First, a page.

The NFL gets about $7 billion/year in TV revenue. I'm not sure exactly how that breaks down per team, but this 2014 article says each team got $187 million in TV revenue. That's outside of any local deals, merchandise, stadium revenue, whatever. $187 million just for owning and fielding a team. In 2014, the NFL salary cap was $133 million per team, meaning each team didn't need any of those other revenue streams to be able to pay for player salary and presumably the cost of coaching and front-end staff ($50 million goes a long way, even if a handful of guys are drawing million-dollar salaries.)

 

MLS gets $90 million per year from its US TV partners through 2022, or, at absolute best, $3 million per team. MLS salary cap for 2018 was $4 million, which, as you know, requires teams to use their own resources to fund the on-field product.

 

There's a long way to go from $3 million to $187 million. Getting that TV deal to grant teams $10 million/year would have a huge effect on the on-field product. Again, it's a chicken or egg deal, but I feel like in the short term, you can sell a lot more Zlatan than you can whoever is playing for Philadelphia this year. So we should have more Zlatan.

Share this post


Link to post
Share on other sites
21 minutes ago, DG_Now said:

 

The NFL gets about $7 billion/year in TV revenue. I'm not sure exactly how that breaks down per team, but this 2014 article says each team got $187 million in TV revenue. That's outside of any local deals, merchandise, stadium revenue, whatever. $187 million just for owning and fielding a team. In 2014, the NFL salary cap was $133 million per team, meaning each team didn't need any of those other revenue streams to be able to pay for player salary and presumably the cost of coaching and front-end staff ($50 million goes a long way, even if a handful of guys are drawing million-dollar salaries.)

 

MLS gets $90 million per year from its US TV partners through 2022, or, at absolute best, $3 million per team. MLS salary cap for 2018 was $4 million, which, as you know, requires teams to use their own resources to fund the on-field product.

 

There's a long way to go from $3 million to $187 million. Getting that TV deal to grant teams $10 million/year would have a huge effect on the on-field product. Again, it's a chicken or egg deal, but I feel like in the short term, you can sell a lot more Zlatan than you can whoever is playing for Philadelphia this year. So we should have more Zlatan.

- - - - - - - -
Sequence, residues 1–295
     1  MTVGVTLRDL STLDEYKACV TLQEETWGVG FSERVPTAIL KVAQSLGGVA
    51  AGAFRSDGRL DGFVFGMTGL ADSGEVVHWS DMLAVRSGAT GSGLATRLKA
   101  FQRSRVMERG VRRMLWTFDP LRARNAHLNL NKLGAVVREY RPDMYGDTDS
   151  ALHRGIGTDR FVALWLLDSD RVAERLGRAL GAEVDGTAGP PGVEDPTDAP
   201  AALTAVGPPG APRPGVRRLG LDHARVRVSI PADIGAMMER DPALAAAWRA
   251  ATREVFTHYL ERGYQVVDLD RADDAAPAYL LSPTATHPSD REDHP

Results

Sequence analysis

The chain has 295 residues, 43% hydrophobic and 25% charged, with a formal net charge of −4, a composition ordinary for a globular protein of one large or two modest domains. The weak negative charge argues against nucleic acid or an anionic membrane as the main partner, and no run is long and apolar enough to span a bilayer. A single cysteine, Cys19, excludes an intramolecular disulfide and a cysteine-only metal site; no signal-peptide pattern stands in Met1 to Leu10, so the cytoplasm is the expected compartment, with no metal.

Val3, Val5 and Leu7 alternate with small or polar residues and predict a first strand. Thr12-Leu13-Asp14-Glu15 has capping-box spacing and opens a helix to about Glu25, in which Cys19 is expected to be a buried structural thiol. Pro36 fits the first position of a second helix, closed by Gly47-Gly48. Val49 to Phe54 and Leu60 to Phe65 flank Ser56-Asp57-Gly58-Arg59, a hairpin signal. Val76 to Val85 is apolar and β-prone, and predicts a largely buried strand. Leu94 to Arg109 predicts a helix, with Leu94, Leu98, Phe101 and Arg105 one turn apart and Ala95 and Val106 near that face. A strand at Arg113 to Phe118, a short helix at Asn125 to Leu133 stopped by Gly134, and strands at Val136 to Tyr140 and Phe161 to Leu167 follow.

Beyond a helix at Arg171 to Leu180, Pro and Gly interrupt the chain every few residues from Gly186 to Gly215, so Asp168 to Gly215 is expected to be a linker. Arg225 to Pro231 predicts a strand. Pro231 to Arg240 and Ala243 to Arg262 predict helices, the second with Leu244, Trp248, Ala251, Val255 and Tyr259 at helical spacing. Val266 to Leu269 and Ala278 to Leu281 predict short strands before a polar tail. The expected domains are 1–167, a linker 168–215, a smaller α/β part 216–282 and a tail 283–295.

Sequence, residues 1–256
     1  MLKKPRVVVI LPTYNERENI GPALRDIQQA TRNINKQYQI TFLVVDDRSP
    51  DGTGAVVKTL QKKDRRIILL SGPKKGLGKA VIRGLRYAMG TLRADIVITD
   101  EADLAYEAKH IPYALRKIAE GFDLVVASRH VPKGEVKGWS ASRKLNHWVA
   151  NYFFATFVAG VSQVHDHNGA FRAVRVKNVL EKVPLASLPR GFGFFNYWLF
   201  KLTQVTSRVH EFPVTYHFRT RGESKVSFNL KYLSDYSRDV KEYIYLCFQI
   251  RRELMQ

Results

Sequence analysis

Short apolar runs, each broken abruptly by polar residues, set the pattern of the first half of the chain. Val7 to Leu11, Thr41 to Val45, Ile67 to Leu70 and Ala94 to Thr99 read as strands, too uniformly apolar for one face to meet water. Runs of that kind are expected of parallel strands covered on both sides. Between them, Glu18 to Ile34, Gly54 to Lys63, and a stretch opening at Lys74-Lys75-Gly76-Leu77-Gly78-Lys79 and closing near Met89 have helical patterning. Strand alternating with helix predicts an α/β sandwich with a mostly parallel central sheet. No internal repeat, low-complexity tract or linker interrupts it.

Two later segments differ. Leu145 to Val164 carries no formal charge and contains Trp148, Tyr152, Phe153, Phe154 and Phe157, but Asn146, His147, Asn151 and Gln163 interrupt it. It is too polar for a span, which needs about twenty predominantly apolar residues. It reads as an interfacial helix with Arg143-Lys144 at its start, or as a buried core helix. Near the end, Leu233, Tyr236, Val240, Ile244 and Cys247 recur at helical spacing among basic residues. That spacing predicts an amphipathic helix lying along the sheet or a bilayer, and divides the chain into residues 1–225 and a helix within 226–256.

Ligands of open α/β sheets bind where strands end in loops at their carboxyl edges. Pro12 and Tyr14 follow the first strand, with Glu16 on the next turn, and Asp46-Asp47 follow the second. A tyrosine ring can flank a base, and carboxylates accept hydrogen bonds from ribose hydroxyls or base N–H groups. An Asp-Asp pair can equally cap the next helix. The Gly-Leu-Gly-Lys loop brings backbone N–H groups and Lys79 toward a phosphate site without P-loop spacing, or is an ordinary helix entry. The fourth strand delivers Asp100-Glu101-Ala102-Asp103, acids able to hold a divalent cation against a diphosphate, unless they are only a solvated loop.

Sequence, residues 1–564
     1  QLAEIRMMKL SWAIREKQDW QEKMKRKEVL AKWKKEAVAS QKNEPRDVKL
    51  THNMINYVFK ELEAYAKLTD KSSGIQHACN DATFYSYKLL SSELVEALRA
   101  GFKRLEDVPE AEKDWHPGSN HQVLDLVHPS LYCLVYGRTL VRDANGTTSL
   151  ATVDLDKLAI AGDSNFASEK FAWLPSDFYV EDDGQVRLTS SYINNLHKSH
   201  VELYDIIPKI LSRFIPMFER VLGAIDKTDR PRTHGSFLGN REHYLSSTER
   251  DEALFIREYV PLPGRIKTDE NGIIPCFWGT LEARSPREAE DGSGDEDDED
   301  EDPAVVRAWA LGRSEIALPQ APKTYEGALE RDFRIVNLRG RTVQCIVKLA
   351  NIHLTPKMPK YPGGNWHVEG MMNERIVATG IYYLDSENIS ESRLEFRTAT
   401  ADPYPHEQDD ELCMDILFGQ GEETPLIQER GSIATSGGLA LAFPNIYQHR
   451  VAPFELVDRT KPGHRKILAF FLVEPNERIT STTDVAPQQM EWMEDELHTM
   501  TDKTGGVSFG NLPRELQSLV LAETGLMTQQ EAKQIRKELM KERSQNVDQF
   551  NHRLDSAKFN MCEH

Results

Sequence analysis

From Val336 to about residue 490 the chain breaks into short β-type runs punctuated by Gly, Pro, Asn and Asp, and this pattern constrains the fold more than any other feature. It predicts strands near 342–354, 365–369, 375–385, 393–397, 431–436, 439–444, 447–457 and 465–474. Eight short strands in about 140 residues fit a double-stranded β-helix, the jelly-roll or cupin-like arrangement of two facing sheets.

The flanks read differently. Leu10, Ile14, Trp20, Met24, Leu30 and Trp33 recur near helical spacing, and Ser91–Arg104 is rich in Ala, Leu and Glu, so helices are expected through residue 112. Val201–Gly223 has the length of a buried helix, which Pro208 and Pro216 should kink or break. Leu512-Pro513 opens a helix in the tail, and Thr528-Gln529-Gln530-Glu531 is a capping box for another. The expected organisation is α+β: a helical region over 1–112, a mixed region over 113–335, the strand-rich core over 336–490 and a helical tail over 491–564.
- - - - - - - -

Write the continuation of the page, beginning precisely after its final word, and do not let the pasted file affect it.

More Zlatan's for teams that can't afford Marco Fabian's equals a bad deal. 

Share this post


Link to post
Share on other sites

For those of you following the MLS expansion road show, Commissioner Don Garber came to St. Louis Monday to meet with the Taylor family of Enterprise Rental Car and other owners of the #MLS4THELOU ownership group. He also met with a panel of business experts in a push to get the team the corporate support it needs to land a MLS franhcise. 

 

https://www.bizjournals.com/stlouis/news/2019/03/11/mls-commissioner-visits-st-louis-as-mls4thelou.html

 

Share this post


Link to post
Share on other sites
8 hours ago, gosioux76 said:

For those of you following the MLS expansion road show, Commissioner Don Garber came to St. Louis Monday to meet with the Taylor family of Enterprise Rental Car and other owners of the #MLS4THELOU ownership group. He also met with a panel of business experts in a push to get the team the corporate support it needs to land a MLS franhcise. 

 

https://www.bizjournals.com/stlouis/news/2019/03/11/mls-commissioner-visits-st-louis-as-mls4thelou.html

 

Yet he couldn't be bothered to visit cities in the league when they seemed to have similar issues of funding. So now the idea for getting team into MLS includes having stadium rights and shirt sponsors set, not just get the stadium built downtown. 

Share this post


Link to post
Share on other sites
13 minutes ago, MJWalker45 said:

Yet he couldn't be bothered to visit cities in the league when they seemed to have similar issues of funding. So now the idea for getting team into MLS includes having stadium rights and shirt sponsors set, not just get the stadium built downtown. 

My sense from here on the ground in St. Louis is that the naming rights/jersey sponsorships — that sort of direct corporate support — are likely the only missing pieces from their expansion bid. Garber was in town trying to help push #MLS4THELOU over the finish line. 

Share this post


Link to post
Share on other sites
1 hour ago, gosioux76 said:

My sense from here on the ground in St. Louis is that the naming rights/jersey sponsorships — that sort of direct corporate support — are likely the only missing pieces from their expansion bid. Garber was in town trying to help push #MLS4THELOU over the finish line. 

To me, that's not what a commissioner should not be doing unless the team was already approved and then having issues. 

Share this post


Link to post
Share on other sites

Yeah, that smacks a little bit of Goodell surreptitiously putting his finger on the scale to aid the St. Louis effort to keep the Rams.  The Commish should be neutral in these matters. 

Share this post


Link to post
Share on other sites
4 hours ago, MJWalker45 said:

To me, that's not what a commissioner should not be doing unless the team was already approved and then having issues.